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    Thursday I made my way to Huallanca from Huaraz. 3N south to the Carretera a Pastouri that swings east to Huallanca. A decent paved road for the most part that rolls through a variety of countryside; wide valleys, rolling hills with nice views of the mountains. The day was dry- love it!

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    There is mining activity near Huallanca, the Minera Santa Luisa; zinc, lead and copper I believe are extracted. As testimony to the amount of rain the area has had the 3N had been completely washed out and a temporary road built 50 ft above the old. The 'new' road had subsequently been washed out itself. I was hung up for about 30 minutes while the gap in the road was filled. So unsure of the stability of the repair the contractors made the passengers disembark from the white minivan at the front of the line and cross by foot. It was a very bumpy crossing and portended events yet to come on Friday.

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    Stayed at the Hotel El Pueblo. Pricey by Peruvian standards, but it is *** (deservedly) and they only had a double room; Huallanca seems to host a lot of mine visitors and also the road repair crews which effects supply; can't blame the owners for making hay..... At first they said they had no rooms , not thinking I would pay the 80 sols, then they hemmed and hawed about parking, but they have a decent sized lot that easily accommodated the bike. All was well.

    T2
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  12. TeeTwo

    TeeTwo Been here awhile

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    The power went out at the hotel at 8am. The thunderstorms that had raged for most of the night, deluging the area, had ceased. A gang of men with shovels clearing storm wash from the main road out of town set the tone for the day.

    Even the small creeks were running, the vados full.

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    3N to La Union, 20 miles north, was a mess the entire way. A landslide was being cleared, they had been working for a while, the delay only 30 minutes or so. At La Union I opted to take the southerly V to Huánuco, using HU-109 to HU-110 rather than stay on 3N. The first 10 miles were freshly paved followed by a dirt road in reasonable condition.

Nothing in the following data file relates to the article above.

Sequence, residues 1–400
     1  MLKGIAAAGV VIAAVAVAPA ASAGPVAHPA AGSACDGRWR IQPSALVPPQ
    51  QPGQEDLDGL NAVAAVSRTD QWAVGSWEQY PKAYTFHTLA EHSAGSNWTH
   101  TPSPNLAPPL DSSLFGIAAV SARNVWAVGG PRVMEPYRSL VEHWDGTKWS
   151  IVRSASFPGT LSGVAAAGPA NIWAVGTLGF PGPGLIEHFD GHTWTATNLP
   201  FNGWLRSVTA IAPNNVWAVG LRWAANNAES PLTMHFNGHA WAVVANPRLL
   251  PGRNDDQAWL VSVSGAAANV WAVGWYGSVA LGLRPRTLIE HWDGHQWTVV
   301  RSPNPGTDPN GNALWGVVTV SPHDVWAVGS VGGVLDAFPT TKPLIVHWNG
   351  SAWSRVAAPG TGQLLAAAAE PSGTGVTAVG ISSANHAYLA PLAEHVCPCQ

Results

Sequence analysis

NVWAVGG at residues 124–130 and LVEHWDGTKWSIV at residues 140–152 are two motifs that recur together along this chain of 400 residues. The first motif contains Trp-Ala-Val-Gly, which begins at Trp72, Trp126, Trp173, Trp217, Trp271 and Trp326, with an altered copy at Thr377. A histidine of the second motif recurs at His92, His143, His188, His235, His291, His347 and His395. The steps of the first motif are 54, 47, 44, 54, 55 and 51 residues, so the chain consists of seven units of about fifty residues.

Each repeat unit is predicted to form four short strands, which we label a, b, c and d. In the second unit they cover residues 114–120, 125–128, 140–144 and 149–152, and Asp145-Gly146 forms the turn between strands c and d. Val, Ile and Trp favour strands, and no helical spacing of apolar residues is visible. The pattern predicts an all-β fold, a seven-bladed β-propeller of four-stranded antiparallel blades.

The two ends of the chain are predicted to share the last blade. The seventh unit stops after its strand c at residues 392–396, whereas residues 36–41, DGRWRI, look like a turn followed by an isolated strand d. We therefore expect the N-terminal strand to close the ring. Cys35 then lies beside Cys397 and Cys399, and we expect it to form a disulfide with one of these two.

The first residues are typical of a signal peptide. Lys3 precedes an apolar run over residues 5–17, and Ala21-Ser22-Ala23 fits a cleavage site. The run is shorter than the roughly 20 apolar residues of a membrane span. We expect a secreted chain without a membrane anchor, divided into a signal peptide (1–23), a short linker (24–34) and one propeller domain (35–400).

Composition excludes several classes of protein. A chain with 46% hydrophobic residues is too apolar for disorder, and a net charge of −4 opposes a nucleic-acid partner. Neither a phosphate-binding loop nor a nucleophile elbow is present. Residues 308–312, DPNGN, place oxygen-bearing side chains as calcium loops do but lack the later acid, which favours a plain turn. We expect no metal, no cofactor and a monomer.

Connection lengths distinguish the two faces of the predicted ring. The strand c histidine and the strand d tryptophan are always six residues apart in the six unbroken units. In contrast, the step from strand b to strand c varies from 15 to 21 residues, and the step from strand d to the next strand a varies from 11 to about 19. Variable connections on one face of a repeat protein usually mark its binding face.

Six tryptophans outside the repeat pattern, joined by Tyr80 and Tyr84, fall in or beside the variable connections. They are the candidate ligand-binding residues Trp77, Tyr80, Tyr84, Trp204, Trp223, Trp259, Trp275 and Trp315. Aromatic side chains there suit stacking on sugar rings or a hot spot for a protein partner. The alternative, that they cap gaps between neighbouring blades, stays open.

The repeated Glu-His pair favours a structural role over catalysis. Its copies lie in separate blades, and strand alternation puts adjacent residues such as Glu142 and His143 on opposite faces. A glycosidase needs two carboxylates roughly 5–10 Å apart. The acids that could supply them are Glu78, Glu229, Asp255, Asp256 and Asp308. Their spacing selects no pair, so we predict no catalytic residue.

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    Unfortunately, on HU-110 near the town of Rayapata the road was gone, washed out entirely. Walking uphill to take a look the 75 yard approach consisted of soft storm wash, threaded with 10-12 inch gullies of water with large rocks in the base I came upon the 10ft water crossing, not deep, but running fast.

    As observed on other occasions a local was on hand to 'make a pathway and aid the traveler for a fee'. With a 30-40 mile return to 3N at La Union, help at hand and seeing a car make the crossing, just, I gave it a shot. About half way up the rear began to bog and dig a hole, with my natural inclination to stay the side of the rock face rather than the chasm I picked the wrong line, regained traction, the front wheel hit a rock and deflected me into a deep gully by the rock face. The bike was basically upright, but was not going to make it out under power. A helping push, bike in first and feathering the clutch and throttle we pushed the beast out of the gully, up and across the water. Uphill of the water crossing it was muddy but rideable. 10 sols, possibly the best value I had for that sum!

    I met this group a couple of miles on the other side. My thoughts wandered --- one horse power and four points of contact would best El Burro, at least with me in the saddle! Still I made it to Huánuco, Around the Block Motos and Hostal Baraka.